I do wish people reading pieces like this would bear in mind that they have to be incredibly terse. I was given 600 words, which is much shorter than an undergraduate essay! It meant either concentrating on a very small aspect of the topic or stripping some of it down to mere summary. My first draft was about twice the allowed length. So it's a bit, um, galling, when I see comments in various corners of the internet that criticise what is not said.
I'm slightly surprised, though, that the bit about reason and desire seems to be creating some problems over at RD.net. It's very standard Humean stuff, but let's expand a bit. Our desires can't be justified in some ultimate way. X desires to have sex with women; Y desires to have sex with men. Neither desire is more rational than the other. What is rational or otherwise is how they go about it. If X thinks that a good way to get women to have sex with him/her is to vomit over their shoes, that's probably not rational. I.e., reason tells us that this gambit is not usually successful.
Reason enables us to find out stuff about the world, including about other people, which can be very useful in achieving our desires. Sometimes it's even rational to try to change our desires because reason tells us that it'll help us achieve our deeper desires. So rational reflection on our desires is important. We shouldn't act on our most immediate impulse but in a way that will work to achieve deeper desires. Hopefully, X's desire to have sex with women isn't going to turn X into a rapist, because X also wishes (desires) not to hurt people, not to use violence, not to breach useful social norms, etc. So X might be the sort of person, like most of us, who is motivated to charm and seduce but wouldn't even think of raping.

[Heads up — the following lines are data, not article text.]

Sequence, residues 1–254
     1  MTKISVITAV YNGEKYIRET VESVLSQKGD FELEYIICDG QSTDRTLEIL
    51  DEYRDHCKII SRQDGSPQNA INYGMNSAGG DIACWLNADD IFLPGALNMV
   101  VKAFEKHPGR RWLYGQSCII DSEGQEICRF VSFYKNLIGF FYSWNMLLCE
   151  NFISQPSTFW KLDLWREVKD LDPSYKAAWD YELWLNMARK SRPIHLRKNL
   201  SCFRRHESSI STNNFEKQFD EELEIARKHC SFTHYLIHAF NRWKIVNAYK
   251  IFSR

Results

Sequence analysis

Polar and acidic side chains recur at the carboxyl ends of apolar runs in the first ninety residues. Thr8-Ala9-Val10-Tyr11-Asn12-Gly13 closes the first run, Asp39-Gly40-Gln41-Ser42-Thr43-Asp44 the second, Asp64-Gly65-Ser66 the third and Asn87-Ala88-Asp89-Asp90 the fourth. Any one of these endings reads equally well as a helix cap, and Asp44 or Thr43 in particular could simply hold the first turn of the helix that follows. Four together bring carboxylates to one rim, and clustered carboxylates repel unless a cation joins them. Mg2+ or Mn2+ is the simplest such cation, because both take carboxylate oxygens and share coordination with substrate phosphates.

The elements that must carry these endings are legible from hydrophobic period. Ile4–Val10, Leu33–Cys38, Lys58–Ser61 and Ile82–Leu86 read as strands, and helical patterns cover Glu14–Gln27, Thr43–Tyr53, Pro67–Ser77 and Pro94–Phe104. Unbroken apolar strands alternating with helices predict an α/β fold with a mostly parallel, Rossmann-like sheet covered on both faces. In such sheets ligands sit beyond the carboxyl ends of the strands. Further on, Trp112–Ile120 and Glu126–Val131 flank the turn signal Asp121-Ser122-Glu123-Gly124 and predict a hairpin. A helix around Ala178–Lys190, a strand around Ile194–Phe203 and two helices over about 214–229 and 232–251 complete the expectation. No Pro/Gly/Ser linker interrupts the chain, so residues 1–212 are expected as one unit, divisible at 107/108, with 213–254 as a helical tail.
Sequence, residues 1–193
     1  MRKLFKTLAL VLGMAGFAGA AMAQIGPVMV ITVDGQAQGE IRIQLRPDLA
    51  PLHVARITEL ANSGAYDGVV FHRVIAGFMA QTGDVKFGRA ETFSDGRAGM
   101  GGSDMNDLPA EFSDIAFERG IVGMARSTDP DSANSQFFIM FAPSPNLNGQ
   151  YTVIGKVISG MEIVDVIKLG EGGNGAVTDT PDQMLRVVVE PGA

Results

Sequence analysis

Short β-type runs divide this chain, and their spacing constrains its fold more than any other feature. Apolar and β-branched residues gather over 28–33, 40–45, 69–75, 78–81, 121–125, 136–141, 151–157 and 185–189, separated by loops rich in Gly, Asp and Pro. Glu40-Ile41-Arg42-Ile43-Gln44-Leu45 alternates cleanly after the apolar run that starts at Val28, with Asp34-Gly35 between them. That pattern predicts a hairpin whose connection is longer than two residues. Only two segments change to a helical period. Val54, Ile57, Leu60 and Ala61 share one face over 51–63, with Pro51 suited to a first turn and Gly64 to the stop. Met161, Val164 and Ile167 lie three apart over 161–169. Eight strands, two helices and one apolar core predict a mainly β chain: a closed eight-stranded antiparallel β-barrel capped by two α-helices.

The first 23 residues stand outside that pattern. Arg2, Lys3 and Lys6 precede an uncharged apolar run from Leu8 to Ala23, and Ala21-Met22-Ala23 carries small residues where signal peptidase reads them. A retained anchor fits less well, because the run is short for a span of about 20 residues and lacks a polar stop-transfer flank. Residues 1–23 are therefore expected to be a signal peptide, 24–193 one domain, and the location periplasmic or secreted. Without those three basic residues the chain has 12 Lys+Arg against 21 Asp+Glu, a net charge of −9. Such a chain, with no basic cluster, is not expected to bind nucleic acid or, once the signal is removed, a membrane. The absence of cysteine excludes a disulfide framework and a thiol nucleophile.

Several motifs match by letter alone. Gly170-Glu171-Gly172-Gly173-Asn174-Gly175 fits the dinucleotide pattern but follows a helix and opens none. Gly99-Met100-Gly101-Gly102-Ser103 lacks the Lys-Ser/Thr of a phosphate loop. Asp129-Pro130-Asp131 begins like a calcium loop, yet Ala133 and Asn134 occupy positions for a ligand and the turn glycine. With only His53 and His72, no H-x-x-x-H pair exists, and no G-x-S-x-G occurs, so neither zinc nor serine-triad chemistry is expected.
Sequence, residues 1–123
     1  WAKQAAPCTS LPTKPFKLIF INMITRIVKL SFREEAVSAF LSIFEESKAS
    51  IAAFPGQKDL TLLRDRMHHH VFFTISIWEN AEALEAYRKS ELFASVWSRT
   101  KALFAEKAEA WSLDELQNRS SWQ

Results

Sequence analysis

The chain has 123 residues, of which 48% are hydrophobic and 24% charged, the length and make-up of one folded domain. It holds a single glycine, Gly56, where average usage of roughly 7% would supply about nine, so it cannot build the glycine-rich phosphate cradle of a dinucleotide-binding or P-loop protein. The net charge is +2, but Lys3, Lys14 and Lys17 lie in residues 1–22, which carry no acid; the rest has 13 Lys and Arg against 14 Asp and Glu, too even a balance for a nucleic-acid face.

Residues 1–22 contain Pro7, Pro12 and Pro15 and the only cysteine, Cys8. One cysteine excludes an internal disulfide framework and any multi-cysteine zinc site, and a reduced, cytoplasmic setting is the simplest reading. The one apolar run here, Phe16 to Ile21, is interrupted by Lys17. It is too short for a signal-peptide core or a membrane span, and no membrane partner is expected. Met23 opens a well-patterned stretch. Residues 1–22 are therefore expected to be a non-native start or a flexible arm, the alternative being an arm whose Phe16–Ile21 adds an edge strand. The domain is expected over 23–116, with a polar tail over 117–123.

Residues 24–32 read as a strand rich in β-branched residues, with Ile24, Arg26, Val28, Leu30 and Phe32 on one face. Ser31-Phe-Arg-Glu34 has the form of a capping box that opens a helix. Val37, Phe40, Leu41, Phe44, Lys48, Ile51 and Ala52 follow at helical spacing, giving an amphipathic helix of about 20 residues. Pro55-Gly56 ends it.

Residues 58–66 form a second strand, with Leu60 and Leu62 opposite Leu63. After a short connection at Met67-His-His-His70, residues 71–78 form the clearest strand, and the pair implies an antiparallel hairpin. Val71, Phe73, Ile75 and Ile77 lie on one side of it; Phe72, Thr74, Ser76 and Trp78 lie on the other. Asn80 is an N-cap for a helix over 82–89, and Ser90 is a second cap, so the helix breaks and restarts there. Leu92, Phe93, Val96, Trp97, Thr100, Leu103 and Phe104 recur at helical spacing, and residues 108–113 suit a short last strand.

But our ultimate, deepest desires are simply things that we have. There's no way to appeal to us to try to change them except by appealing to even deeper desires that we have (in which case they are not our deepest desires after all). Unfortunately, a truly evil person, e.g. a vicious and cunning psychopath, may be doing nothing irrational - but such a person is a danger to the rest of us and must be stopped. It's rational for us to throw him or her in jail. Fortunately, most of us are not like that: we may not be angelically altruistic, but we are social animals who desire to help each other, etc. Think how you'd react in the street if an elderly person suddenly collapsed in pain. Even if you didn't know what to do, you'd want to help. Almost everyone - barring the stray psychopath - is like that.
Without desires (and, like Hume, I include here hopes, fears, values) we'd never do anything. We wouldn't even have a reason to find out facts about the world unless we either desired to know these facts for its own sake or we desired to know these facts for the sake of achieving our other desires. Eventually, reason alone always runs out as a source of motivation.